Speed skating lessons

Since it is now the off season for speed skating, it seems to be the right time to reflect on some lessons learned since I joined the Academy of Skating Excellence 6 months ago.

  1. Speedskating is probably the most humbling sport I’ve ever done. Every time I step on the ice, I get my ass kicked by teenagers; everyone else on the ASE short track team is between the ages of 16 and 20 and I’m by far the slowest person on the ice, so that leaves me feeling a bit old and slow at times. But I’m learning to focus on my own skating instead of comparing myself to other people. Where my slowness can be a bit discouraging at times, I try to focus on small victories showing me that I’m on the right path. For example, I keep track of how I improve by tracking my PBs in various distances, my fastest laps every skated, etc. Instead of wishing to be as good as other skaters, I put objective numbers on my progress, so I know I can’t argue with the fact that I am improving.
  2. In speedskating, it’s leg day everyday, twice a day. I thought I was in pretty good shape, but I learned quickly that I was just flattering myself thinking that. The weekly program typically includes 5 or 6 on-ice practices and 7 or 8 off-ice workouts. I had to adjust how many off-ice workouts I do, because I wasn’t able to keep up with the team program. I had to choose between doing the whole program and skating poorly on the ice because I was too tired, or skipping some of the team workouts and being able to really work on my skating. Since learning the proper technique needs to be done before I can add anything else on top of it, I decided to make my own off-ice program and adjust it constantly, based on my fatigue level. My goal for next season is to be able to keep up with the team program and not have it impede my skating. That means I not only need to be more ready physically, but also more disciplined when it comes to nutrition and using various recovery techniques, such as cryotherapy, inversion table, massages, etc. I’ve also started tracking my recovery with heart rate variability, which is very helpful to know objectively how hard I can go that day.
  3. Skating is all about how much pressure you apply. Before coming here, I knew the importance of body position and skating motion, but I had never heard about applying pressure. As it turns out, pressure is everything, and regardless of your body position and how pretty your skating looks, if you don’t really apply pressure when skating, you will never go fast. When you don’t apply pressure, you’re in essence skating on top of the ice and making your strides very inefficient. The same idea applies in roller derby; you want to think about your wheels going into the floor, instead of staying on top of it. That, of course, doesn’t apply when you’re a jammer trying to hop through the pack like a bunny, but it applies when you’re out of the pack and trying to preserve energy while reaching the pack again as quickly as possible.
  4. The skating motion starts from the abs, not from the legs. When I played hockey, I used to think that if I moved my legs really fast, then I would skate really fast. As I learned this season, it is better to reduce the frequency in your stride, but focus on getting a strong push that starts from the abs. After the motion is initiated by your abs, the pressure the goes through your hips with a small forward scooping motion, and finally reaches your legs. It means that if you don’t start by engaging your abs and hips properly, you will lose energy skating only with your legs. It also means that if your position isn’t compressed enough (e.g., standing tall), then your upper body and lower body will act as two different units and you won’t be able to start the movement with your abs. For roller derby skaters, again, this doesn’t apply when you’re hopping and juking your way through the pack. But any other skating movement requiring strength rather than quickness will benefit from abs and hips engagement. This includes skating outside of the pack, but also hitting or steering/scooping another player, since it requires applying strength effectively through the kinetic chain abs-hips-legs.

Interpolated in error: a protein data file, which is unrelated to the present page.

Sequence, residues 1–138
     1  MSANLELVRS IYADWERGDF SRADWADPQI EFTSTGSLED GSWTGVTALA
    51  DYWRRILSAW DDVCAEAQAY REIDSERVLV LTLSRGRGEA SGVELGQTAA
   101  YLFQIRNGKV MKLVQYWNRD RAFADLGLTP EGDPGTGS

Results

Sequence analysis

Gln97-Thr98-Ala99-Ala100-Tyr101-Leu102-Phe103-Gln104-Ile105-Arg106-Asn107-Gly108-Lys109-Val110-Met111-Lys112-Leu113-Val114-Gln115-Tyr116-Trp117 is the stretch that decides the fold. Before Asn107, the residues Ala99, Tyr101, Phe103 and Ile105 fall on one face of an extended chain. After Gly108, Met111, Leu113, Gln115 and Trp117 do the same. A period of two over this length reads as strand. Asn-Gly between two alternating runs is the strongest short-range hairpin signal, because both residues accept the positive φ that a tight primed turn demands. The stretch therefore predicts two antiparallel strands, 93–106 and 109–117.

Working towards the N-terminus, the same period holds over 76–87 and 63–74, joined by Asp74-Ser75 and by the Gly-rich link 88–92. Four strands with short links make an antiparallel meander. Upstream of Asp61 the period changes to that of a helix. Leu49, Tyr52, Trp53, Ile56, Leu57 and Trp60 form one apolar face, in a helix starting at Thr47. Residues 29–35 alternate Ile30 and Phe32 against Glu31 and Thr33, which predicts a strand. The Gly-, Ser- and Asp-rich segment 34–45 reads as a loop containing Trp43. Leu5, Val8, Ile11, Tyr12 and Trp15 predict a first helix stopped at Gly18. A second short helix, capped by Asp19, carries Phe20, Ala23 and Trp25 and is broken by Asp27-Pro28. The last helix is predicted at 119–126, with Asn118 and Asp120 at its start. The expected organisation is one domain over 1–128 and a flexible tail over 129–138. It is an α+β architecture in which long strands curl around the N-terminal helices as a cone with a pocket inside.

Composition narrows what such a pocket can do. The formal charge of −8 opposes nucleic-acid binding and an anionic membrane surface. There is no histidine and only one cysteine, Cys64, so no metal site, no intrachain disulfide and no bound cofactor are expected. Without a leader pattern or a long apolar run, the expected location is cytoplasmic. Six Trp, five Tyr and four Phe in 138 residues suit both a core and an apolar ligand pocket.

5. I’m not a morning person. Or more precisely, I’m not a less-than-8-hours-of-sleep-per-night person. I have to be at the rink by 6:10am every morning, which in itself would be okay if I could be asleep by 9pm every night. Sounds doable in theory, except that derby practices either end or start at 9pm. Add to that 1:45 of driving time between Chicago and Milwaukee and all the sudden, my 8 hours of sleep are turning into 5 hours or less, and I’m either one cranky b*tch in the morning, or a zombie who’s just fighting to keep her eyes open, which is relatively important when skating as fast as you can on .5mm thick steel blades. I haven’t found a way to solve this problem yet and I don’t know if I ever will, so until then, I’m working hard toward my advanced degree in napping.
  6. Nothing will prepare you for Wisconsin winters. I thought it wouldn’t be a big deal and I wouldn’t mind the snow and cold. I’ve lived in Canada and Colorado before, so I thought I would be able to ignore the cold and go about my business. Believe me, Wisconsin redefines the word “cold.” Several days this winter, the whole county canceled school for kids, not because of the snow, but because of the cold itself. It was too dangerous to have kids waiting for the bus outside in such ridiculously cold weather, so they canceled school altogether. Let’s just say that on those days and many other days, you really don’t feel like stepping outside at all. For someone who loves being outside as much as I do, the winter feels very cold, and very long. So if you want to invite me to coach in Florida or Mexico in the winter next year, I’m all ears.

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